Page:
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By MATTHEW LEE and WILL WEISSERT, Associated Press

WASHINGTON (AP) — Should former Vice President Joe Biden win the White House in November, America will likely be in for a foreign policy about-face as Biden reverses, dismantles or severely curtails many of President Donald Trump’s most significant and boldest actions.

From the Middle East to Asia, Latin America to Africa and, particularly, Europe, and on issues including trade, terrorism, arms control and immigration, the presumptive Democratic nominee and his advisers have vowed to unleash a tsunami of change in how the U.S. handles itself in the international arena.

With few exceptions, Americans could expect Biden to re-engage with traditional allies. Where the iconoclastic Trump has used blunt threats and insults to press his case, Biden, a former senator, would be more inclined to seek common ground.

Historically, U.S. foreign policy hasn't changed drastically as the presidency shifted between Democratic and Republican administrations. Allies and adversaries stayed the same and a non-partisan diplomatic corps pursued American interests.

That changed with Trump. Under his “America First” policy, he viewed both allies and the foreign policy establishment with suspicion, while speaking warmly of adversaries like North Korea's Kim Jong Un and Russia's Vladimir Putin.

But Trump found it hard to make swift changes. Academics often say that American foreign policy is like an aircraft carrier: easy to order a wholesale change of direction from the bridge but far more difficult and time-consuming to alter course.

Trump saw that when he was unable to extricate the U.S. from the Iran nuclear deal for more than year. His well-publicized withdrawals from the Paris Climate Accord and the World Health Organization won’t actually become final until after the Nov. 3 election, if ever. His decision to redeploy thousands of troops from Germany could take years.

Trump's initial problems may have reflected a lack of governmental experience by both him and his top advisers. That created a steep learning curve that was complicated by their intense distrust of national security institutions.

Biden, with his Senate and White House experience, may be better positioned to deliver on change swiftly.

Biden told reporters Tuesday in Delaware that he knows “how to get things done internationally.”

“I understand the national security and intelligence issues,” he said. “That’s what I’ve done my whole life. Trump has no notion of it. None.”

Biden’s campaign also has assembled an experienced team of foreign policy advisers: Jake Sullivan served as deputy assistant to President Barack Obama and policy planning director at the State Department. Nicholas Burns had high-level foreign policy positions under Presidents George W. Bush and Bill Clinton. Tony Blinken was deputy secretary of state and deputy national security adviser to Obama.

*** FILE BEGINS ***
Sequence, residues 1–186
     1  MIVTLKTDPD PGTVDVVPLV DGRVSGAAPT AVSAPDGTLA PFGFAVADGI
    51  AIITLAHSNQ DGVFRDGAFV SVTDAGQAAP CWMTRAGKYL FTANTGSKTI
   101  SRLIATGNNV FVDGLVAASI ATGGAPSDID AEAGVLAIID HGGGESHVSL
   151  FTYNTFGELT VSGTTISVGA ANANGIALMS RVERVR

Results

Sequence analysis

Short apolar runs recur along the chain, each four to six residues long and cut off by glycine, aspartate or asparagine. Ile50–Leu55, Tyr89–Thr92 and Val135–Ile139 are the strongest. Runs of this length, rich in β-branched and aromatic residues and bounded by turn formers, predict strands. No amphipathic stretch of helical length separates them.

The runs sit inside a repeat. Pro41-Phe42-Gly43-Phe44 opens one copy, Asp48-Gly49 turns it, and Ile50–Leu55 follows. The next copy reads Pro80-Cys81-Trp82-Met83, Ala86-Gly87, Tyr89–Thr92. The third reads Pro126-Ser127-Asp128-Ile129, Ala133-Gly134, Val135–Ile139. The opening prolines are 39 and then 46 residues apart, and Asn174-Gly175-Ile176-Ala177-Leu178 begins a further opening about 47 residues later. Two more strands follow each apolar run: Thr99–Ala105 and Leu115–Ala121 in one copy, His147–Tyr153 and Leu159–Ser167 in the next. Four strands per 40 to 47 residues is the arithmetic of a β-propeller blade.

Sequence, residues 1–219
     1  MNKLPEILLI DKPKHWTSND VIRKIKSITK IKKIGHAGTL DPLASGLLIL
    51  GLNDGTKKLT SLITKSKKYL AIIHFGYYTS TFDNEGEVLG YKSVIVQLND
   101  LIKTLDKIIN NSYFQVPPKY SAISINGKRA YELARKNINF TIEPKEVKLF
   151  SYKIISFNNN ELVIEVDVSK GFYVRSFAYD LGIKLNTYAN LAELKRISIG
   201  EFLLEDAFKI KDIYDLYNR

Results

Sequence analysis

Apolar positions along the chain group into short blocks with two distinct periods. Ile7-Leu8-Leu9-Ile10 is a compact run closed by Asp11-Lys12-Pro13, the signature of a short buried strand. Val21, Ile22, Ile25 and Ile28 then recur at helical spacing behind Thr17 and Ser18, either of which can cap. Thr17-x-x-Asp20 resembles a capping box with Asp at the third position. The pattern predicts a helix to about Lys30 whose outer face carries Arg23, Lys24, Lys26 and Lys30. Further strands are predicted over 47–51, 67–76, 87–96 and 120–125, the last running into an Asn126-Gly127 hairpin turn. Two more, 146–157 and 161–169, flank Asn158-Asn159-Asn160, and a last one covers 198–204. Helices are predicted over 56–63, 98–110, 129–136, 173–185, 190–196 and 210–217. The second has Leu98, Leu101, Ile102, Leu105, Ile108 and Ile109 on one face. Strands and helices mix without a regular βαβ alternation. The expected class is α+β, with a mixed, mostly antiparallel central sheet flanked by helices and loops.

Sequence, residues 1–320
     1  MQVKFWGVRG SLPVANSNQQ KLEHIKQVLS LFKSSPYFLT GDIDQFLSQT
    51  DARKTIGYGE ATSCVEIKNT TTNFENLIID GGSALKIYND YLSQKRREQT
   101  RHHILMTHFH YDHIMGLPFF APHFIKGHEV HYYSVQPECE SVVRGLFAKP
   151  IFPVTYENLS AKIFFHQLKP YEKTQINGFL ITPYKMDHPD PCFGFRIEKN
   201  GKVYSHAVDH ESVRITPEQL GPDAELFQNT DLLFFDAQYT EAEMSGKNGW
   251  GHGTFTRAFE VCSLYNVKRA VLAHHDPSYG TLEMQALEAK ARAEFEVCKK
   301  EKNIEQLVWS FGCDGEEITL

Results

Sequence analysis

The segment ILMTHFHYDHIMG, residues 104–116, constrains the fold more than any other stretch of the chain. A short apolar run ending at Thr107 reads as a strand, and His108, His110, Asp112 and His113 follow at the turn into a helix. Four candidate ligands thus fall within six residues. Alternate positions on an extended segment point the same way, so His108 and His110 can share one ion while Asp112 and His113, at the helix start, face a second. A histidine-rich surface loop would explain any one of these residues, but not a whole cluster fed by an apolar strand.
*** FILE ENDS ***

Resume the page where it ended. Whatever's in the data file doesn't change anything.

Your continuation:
Susan Rice, national security adviser and U.N. ambassador under Obama, is a finalist for vice president. If she isn't selected, she could become a key adviser if Biden wins.

The Trump campaign casts Biden's foreign policy experience as a weakness.

“Joe Biden’s record of appeasement and globalism would be detrimental for American foreign policy and national security, and after decades of the status quo, President Trump has made it clear that the United States will no longer be taken advantage of by the rest of the world," deputy press secretary Ken Farnaso said in a statement.

For decades, the first and often only foreign policy shift that new presidents of both parties directed on their first day in office, and Trump was no exception, was abortion-related.

Like clockwork, Republicans enacted the so-called “Mexico City” language — known by opponents as the “global gag rule” — to prohibit the use of U.S. foreign assistance for abortion-related services. Democrats rescinded it and should Biden win, he has promised to follow suit.

But he’s also pledged to demolish other Trump policies on Day One. They include reversing Trump’s ban on immigration from mainly Muslim countries, restoring U.S. funding and membership to the WHO and halting efforts to oppose the Paris Climate Accord. He’s promised to call top NATO leaders and declare of U.S. foreign policy, “We’re back” while convening a summit of major heads of state in his first year.

One area that will require more nuance is China, which Trump has placed at the top of his foreign policy agenda and on which he has painted Biden as weak.

After previously boasting of warm ties with Chinese leader Xi Jinping, Trump has relentlessly attacked China, blaming it for the coronavirus outbreak that threatens his reelection prospects.

Biden has been slower to directly criticize Trump’s recent actions against China, but his campaign questions whether the president will eventually undermine his administration’s tough actions of late by personally striking softer tones toward Beijing

“The administration has a history of talking very loudly but not producing results," said Jeff Prescott, a campaign foreign policy adviser,

Biden also has said he would immediately restore daily press briefings at the White House, State Department and Pentagon, events once deemed critical to communicate U.S. policy that the Trump administration has all but abandoned.

Biden and his surrogates say they intend to act quickly on the following: